This is Richard Widmark in a movie called Kiss of Death. Widmark was my Mom’s favorite actor and this was her favorite movie (it’s not a comedy) . My Mom gave me a love of old movies, a lifetime of support in everything I pursued and the good sense not to take myself too seriously. And about 10,000 other good things.
My memories of Mom often involve humor. When I was a kid she’d let me stay up late and watch old movies with her. The “TV Times” would come in the Friday Star-Phoenix (made them harder to deliver btw) and many times the late night movie was “TBA” and we’d have to wait to see what TBA had in store for us. Mom would often say things like “sometimes TBA has good shows, but sometimes they’re terrible” and I honestly thought of TBA as a giant movie making house somewhere in Hollywood or New York or England. Some years later my cousin Vernon was visiting from BC and mentioned “TBA” was “to be announced”: she howled with laughter. I miss that laugh.
When my Mom was 12 years old, she saved two kids from a housefire near Neilburg, Saskatchewan. She was given a handmade certificate from the town which I have and hold as one of my favorite possessions (along with my Dad’s army discharge papers and a few things from my kid’s childhood). I think of that moment in her life sometimes, she was just a little kid for crying out loud and she ran into a burning house and saved two lives. That’s a helluva thing, it really is.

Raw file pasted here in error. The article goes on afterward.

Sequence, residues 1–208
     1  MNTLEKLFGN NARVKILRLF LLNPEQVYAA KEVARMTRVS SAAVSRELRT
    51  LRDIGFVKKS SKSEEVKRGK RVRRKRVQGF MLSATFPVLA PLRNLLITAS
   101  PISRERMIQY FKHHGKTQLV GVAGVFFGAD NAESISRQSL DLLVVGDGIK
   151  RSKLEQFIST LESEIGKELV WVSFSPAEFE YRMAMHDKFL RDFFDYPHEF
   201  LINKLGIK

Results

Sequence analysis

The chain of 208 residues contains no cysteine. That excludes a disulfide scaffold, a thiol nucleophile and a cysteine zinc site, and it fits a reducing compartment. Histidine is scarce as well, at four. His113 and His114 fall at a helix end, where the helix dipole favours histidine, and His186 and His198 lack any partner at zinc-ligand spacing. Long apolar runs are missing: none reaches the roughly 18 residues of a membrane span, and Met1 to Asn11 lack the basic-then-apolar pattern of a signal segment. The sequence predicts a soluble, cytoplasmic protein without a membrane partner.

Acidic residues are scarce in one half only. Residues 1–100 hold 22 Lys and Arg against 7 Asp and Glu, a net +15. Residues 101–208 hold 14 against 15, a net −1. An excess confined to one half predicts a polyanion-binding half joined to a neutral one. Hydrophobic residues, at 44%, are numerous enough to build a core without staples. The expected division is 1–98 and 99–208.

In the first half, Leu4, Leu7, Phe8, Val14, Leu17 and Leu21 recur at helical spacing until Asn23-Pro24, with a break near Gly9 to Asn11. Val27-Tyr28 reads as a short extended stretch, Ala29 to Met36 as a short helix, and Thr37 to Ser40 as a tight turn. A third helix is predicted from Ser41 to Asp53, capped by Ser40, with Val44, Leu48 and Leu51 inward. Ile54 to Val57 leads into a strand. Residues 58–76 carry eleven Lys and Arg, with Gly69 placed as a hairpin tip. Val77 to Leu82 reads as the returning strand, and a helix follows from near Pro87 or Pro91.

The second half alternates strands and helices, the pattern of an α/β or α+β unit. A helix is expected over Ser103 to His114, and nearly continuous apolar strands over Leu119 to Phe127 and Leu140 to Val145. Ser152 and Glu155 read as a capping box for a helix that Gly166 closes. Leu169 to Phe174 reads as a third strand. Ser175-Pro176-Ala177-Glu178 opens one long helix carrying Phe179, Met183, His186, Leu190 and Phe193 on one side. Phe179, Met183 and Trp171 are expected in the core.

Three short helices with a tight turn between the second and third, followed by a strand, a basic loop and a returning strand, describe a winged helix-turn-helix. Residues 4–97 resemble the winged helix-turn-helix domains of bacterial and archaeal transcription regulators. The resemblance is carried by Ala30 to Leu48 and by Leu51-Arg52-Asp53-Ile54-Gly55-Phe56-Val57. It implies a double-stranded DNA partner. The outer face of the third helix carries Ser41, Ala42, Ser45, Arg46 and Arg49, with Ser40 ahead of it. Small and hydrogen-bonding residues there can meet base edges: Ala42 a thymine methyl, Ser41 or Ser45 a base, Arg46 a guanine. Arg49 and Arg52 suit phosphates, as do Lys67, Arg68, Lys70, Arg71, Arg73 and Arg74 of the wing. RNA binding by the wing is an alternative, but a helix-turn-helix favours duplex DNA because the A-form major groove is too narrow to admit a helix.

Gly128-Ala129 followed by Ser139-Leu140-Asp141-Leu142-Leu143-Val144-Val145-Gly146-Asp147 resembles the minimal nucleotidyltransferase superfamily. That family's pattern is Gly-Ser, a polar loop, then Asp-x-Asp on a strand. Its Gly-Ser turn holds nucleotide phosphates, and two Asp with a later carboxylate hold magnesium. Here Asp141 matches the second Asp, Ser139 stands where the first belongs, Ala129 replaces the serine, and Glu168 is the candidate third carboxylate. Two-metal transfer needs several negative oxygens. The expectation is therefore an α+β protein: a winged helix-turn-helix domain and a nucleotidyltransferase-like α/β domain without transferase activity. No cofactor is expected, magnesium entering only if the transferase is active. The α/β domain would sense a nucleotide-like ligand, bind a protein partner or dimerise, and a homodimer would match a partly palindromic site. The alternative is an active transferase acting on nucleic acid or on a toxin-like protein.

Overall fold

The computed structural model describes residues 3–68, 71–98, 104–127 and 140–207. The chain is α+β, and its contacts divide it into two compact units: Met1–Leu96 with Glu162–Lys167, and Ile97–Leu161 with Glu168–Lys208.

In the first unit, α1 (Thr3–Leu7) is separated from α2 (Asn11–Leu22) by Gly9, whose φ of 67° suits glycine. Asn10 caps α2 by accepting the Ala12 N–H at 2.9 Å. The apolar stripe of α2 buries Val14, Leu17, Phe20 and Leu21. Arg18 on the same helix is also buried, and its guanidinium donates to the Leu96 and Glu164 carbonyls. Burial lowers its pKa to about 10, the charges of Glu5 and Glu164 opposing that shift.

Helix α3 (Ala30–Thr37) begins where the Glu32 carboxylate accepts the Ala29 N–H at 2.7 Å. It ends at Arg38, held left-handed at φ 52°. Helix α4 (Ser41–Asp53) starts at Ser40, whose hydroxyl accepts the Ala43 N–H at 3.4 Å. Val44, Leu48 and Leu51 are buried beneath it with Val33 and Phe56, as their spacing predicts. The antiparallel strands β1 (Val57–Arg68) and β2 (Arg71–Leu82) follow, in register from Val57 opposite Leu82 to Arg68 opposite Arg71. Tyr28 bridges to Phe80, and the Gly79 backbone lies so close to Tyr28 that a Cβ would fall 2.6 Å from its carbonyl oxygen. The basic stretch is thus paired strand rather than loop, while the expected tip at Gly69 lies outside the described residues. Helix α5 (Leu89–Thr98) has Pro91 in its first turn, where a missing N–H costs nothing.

My Mom was a sweet lady, you’d have loved her. She did however swear like a trucker and had a TERRIBLE temper. My Dad built a house in Maple Ridge, BC in 1961 (up on Thornhill, past the school) and he built the cupboards too high. As a little kid, I remember her swearing non-stop when a glass would break. One time, my Dad said “well there’s one more glass broken” or something like that, and my Mom said (and I remember this like it was yesterday) “you like that, do you Ira? Well, you’ll LOVE this!” and she broke every glass in the cupboard. Aw, God we laughed about that for years. No wonder she liked Richard Widmark!
My Mom had this thing about being “fair” with her two boys. As kids, we’d each get the same number of cherries from the fruit cocktail can (big whoop right? BIG deal at our house in the 1960′s) and it continued forever. I never gave it much thought (I honestly don’t care, I knew she loved me) but one time I called her to borrow some TV trays (I was having a guy’s poker night and needed them for drinks and such–no food on the table during poker!). The conversation went something like this:
- Me: “Hi Mom, I’m having some guys over for poker tonight and was wondering if I could borrow some of your tv trays?”
- Mom: “Oh dear, I knew you would find out, I gave all of the tv trays to your brother.”
- Me: “That’s okay Mom, I’ll just run to the store and buy some. It’s no big deal.”
- Mom: “No, Lain. It IS a big deal! I’m always giving your brother stuff and forgetting to give you things.”
- Me: “Mom, honest. Don’t worry.”
- Mom: “It isn’t right. I gave your brother the china cabinet, the hi-fi (my Mom called everything that included a record player ‘hi-fi’), your Dad’s 303 British Army rifle and that silverware collection.”
- Me: “Uh, well, WHAT?!?”
- Mom: “I knew you’d be mad!”
Today, I’ll call my wife’s Mom (an angel herself) and my kids and I will celebrate their Mom because she deserves that and so much more. The world would not survive without Mom, and the world is not the same without my Mom. When Dad left us it took me forever to come to grips with it and when Mom passed in 2009 I kind of figured out that you never really do get over the loss of your parents.
So, we celebrate them in life, as we do with Moms everywhere today. For things we can never, ever repay, for things given without expectation, for love that knows no boundary, thank you Moms. We love you.
Wherever you are.